In a previous related webinar, Rev. Eric Skidmore and Dr. Joseph Cheng provided an overview of the Post Critical Incident Seminars (PCIS) being conducted by the South Carolina Law Enforcement Assistance Program (SCLEAP). They covered the origins of the PCIS, the agenda of the 3-day seminar, the outcomes of the PCIS, and the states that are using their model to provide support to their officers.
This session’s panel is composed of three representatives from different states to understand the intricacies involved in conducting PCIS with Rev. Skidmore facilitating the discussion.
- Kit Cummings, Operations Director of Virginia Law Enforcement Assistance Program (VALEAP)
- John McGuire, who guided legislation into law that secured the Kentucky PCIS program
- Rita J. Watkins, who leads a Texas Governors grant on the delivery and research of PCIS for Texas
- Reverend Eric Skidmore, Program Manager for South Carolina Law Enforcement Assistance Program (SCLEAP)
Specifics covered by the panel are:
- The points that enabled to acquire buy-in of the major decision-makers.
- Leadership awareness on the issue of officer trauma and the need for a program to address this and save lives.
- The occurrence of a terrible critical incident with the Virginia Tech shooting, and the agency’s efforts to prevent losing a sizable chunk of the workforce following this.
- Observing the national trend that highlights the importance of officers’ wellness and the consequences of not having a program that can support them holistically.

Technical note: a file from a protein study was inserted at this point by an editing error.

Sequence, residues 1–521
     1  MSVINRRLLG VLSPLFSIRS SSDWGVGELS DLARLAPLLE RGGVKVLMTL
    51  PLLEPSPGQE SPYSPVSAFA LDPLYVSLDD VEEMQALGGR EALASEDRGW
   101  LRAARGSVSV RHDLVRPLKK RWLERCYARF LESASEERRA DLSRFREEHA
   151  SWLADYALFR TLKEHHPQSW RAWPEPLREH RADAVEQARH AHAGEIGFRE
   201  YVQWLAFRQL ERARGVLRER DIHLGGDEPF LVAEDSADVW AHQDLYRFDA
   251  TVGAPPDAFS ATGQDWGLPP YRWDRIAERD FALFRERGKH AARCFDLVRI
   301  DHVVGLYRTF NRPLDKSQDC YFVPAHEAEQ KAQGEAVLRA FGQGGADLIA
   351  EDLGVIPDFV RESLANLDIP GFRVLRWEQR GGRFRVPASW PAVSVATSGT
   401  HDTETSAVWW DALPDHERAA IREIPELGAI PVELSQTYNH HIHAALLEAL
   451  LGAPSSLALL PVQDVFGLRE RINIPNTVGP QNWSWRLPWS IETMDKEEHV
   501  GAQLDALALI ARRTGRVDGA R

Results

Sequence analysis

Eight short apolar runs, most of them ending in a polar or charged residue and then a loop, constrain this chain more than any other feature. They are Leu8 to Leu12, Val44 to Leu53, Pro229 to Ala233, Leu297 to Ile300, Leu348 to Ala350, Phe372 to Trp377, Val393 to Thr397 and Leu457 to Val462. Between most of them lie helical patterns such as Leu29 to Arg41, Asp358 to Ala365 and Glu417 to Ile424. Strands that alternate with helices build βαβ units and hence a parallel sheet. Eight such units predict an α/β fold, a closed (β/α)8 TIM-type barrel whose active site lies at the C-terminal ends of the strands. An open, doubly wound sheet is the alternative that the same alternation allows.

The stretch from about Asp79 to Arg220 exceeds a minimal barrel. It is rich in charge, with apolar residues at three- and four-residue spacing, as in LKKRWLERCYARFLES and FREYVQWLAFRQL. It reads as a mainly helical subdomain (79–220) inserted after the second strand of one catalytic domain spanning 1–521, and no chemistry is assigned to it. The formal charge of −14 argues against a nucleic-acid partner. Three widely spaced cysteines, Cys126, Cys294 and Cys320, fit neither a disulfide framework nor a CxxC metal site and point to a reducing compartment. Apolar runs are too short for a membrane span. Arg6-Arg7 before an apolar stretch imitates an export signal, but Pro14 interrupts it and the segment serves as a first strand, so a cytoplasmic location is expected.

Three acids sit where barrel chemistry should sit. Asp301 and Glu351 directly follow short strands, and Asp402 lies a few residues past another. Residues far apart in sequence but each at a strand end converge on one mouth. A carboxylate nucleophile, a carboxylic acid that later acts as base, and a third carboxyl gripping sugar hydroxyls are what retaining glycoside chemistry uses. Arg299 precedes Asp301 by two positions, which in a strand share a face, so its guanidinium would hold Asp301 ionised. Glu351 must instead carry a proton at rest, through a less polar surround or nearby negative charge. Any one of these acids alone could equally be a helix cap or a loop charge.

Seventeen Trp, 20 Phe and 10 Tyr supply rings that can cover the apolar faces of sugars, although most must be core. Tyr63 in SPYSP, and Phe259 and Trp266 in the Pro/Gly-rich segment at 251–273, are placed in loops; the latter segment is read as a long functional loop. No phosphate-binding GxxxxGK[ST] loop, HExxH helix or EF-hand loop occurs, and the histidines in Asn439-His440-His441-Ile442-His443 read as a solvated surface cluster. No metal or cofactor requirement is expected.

- The central function of having a team approach to build a seamless program that overcomes stigma, considers different perspectives and experiences, and has the capacity to accommodate the need for it.
- The secret sauce that makes the PCIS program a success.
- Compassion and genuineness that comes from the nature of the seminar that is unexpected and grounded on shared stories.
- The normalization of experiences that allow participants to better process the trauma, emotions, and thoughts following a critical incident.
- Methods that they employ to acquire participants by early exposure in recruit school, advertising PCIS, and the organic growth of its reach as participants’ experience with the program generated word of mouth marketing.
- The crucial peer support team member selection process that started with external resources and broadened through training with the recruitment pool coming from the PCIS participants themselves who want to pay it forward.
- The very critical quality of law enforcement culture awareness and competency that mental health professionals must possess.
Questions from the audience concerned:
- An overview of the PCIS and Dr. Rando’s work.
- How wellness providers can get involved in local PCIS or law enforcement wellness programs.
- The changes and accommodations they needed to make due to COVID restrictions and health protocols.
Resources and Handouts
This is the second of a two-part series:
- Aug 27: Post Critical Incident Seminar: What You Can Do When Things Aren’t Getting Better
- Sept 22: Post Critical Incident Seminar: A Tested Solution for Helping Cops Recover from the Worst Incidents (this webinar)
- “Well planned and informative great use of time.”– Brian
- “Great presentation on Post Critical Incident Seminar.” — Tangela
- “I really like the process of these seminars as presented.” — Rob
- Excellent discussion. — Phyllis
- “I enjoyed the presentation and look forward to when our agency will host another PCIS.” — Portia
- “Love that there are people so invested in caring for our law enforcement and first responders!” — Christina
- “I found the speakers to be passionate about the mental health of officers and this system is well needed in law enforcement.” — Karla